Dutch company Duplaco is also leveraging GEA separation know-how to process Chlorella microalgae, grown via heterotrophic fermentation, which can be used in the production of healthy foods, like smoothies, algae burgers or pasta, in food supplements or animal feed. GEA solutions help ensure that Duplaco’s algae powder and food supplements are of high quality with maximum consistency, while minimizing the producer’s energy costs and production footprint.
Being able to partner customers early on is critical when it comes to developing algae harvesting processes, particularly given the demands to drive down production and per unit costs.”- Alexander Piek, Application Manager - Separation, Algae, GEA Renewables
The growing focus on refining algae to support sustainable food production has drawn GEA and several partners from the EU’s scientific and business community to form the Sustainable Algae Biorefinery for Agriculture and Aquaculture (SABANA) project in 2016. An EU-funded Horizon 2020 initiative, the team has developed a large-scale integrated microalgae-based biorefinery for the production of feed and feed additives, including biostimulants, biofertilizers and biopesticides, by demonstrating the technical, environmental and social feasibility of producing valuable algae bi-products using only marine water and wastewater as a nutrients source.*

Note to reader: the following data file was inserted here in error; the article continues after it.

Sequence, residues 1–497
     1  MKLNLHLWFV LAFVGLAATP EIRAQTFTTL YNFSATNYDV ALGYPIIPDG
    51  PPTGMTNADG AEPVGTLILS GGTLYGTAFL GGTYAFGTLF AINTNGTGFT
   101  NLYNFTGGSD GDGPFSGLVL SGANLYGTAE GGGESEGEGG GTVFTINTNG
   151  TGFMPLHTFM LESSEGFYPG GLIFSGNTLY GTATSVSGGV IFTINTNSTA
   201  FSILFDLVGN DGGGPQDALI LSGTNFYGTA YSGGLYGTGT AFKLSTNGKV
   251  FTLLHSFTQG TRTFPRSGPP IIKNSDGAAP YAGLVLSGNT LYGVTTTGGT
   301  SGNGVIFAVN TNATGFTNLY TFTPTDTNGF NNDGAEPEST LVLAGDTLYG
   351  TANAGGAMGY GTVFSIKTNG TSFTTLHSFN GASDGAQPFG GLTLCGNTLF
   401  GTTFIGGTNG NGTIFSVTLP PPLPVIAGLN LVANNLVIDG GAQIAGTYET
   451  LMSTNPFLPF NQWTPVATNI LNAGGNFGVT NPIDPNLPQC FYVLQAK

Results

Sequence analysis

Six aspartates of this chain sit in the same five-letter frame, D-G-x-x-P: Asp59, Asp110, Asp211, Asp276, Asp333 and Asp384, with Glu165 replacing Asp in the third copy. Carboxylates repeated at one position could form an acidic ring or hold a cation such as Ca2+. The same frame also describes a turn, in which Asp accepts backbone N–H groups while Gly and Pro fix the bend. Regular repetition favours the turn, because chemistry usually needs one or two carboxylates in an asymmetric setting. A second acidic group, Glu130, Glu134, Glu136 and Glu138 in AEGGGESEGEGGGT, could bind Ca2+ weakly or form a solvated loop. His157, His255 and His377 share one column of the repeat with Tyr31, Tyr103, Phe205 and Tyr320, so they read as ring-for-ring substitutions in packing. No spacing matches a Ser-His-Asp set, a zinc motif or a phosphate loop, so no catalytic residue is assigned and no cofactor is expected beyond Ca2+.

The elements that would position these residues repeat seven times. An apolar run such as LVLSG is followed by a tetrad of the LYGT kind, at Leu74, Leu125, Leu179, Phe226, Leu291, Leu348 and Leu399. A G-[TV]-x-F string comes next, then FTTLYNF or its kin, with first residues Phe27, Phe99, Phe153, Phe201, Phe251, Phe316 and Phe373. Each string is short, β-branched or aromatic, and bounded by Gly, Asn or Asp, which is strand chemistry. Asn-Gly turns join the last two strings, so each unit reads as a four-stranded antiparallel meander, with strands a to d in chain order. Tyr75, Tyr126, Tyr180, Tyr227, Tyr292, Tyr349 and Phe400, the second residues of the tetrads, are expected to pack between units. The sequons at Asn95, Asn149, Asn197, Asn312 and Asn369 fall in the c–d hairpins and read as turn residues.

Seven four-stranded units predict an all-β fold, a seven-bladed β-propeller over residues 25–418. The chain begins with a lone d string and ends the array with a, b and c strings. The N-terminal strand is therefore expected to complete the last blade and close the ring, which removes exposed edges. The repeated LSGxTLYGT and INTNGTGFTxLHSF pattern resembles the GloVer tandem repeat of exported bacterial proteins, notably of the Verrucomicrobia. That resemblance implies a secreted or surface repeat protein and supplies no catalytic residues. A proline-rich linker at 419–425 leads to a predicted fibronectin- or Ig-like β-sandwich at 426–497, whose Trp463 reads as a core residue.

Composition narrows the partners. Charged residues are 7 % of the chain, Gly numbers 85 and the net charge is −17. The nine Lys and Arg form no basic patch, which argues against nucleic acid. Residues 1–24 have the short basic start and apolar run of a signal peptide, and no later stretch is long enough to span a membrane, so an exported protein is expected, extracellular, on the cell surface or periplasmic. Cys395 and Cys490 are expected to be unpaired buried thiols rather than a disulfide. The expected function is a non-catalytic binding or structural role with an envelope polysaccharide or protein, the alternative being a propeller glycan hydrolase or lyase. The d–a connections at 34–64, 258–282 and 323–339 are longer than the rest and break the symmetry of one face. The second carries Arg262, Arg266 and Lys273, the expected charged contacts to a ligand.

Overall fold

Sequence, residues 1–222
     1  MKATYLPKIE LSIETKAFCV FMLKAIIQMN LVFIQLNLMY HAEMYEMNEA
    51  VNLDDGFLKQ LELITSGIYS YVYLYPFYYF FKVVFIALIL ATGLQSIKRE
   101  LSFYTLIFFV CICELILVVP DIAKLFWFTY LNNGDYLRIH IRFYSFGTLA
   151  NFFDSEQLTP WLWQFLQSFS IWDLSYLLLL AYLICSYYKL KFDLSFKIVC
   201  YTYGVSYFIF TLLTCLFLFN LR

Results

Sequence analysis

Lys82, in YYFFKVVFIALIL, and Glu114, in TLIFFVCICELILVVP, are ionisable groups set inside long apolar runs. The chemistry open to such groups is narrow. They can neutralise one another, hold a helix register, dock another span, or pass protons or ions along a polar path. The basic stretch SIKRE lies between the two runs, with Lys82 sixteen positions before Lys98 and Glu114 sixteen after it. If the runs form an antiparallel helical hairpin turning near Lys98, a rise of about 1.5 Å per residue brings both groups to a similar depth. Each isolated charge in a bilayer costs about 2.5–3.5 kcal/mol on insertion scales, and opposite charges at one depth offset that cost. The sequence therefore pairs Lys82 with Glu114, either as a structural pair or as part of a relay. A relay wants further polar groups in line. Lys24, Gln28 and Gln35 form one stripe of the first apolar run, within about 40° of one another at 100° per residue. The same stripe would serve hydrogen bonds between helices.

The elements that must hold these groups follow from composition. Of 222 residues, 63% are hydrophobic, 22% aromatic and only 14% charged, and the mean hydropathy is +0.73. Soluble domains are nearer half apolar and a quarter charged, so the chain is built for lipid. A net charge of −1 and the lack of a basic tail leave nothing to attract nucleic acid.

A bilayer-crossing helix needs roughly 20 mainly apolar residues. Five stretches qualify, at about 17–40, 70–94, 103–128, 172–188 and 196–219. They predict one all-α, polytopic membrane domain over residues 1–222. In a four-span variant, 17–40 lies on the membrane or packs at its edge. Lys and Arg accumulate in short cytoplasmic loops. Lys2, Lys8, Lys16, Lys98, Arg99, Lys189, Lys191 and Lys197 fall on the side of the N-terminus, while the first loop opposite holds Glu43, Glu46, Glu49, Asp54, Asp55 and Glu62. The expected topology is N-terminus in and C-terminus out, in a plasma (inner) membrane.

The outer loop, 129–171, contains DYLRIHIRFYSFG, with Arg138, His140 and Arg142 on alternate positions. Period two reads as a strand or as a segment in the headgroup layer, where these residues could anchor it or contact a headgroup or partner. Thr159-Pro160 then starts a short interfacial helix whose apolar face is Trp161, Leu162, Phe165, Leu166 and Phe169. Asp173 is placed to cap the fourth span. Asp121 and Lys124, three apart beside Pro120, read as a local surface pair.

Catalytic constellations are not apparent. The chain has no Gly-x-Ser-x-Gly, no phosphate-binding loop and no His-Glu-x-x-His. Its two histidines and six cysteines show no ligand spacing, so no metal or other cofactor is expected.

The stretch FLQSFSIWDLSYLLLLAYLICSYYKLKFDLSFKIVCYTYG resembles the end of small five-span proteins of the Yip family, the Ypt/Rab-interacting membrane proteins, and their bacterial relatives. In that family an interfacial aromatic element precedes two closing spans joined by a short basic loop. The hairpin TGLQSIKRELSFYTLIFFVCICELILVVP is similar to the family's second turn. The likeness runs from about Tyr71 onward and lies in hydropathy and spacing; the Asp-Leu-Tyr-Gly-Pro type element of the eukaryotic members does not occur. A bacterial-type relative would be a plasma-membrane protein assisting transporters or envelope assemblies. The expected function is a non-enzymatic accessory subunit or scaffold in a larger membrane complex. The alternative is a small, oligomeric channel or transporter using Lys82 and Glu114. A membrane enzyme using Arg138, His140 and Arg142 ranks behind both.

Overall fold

In the biopesticide workstream, the team is growing, testing and processing strains of algae that have antimicrobial agents that fight against various plant pathogens. In order to process the sensitive biomass, GEA has supplied expertise and equipment, including centrifuges for harvesting and concentrating the microalgae; homogenizers for cell disruption and a spray dryer for biomass drying so that the active agents can then be tested, the results of which will be available at the end of 2021.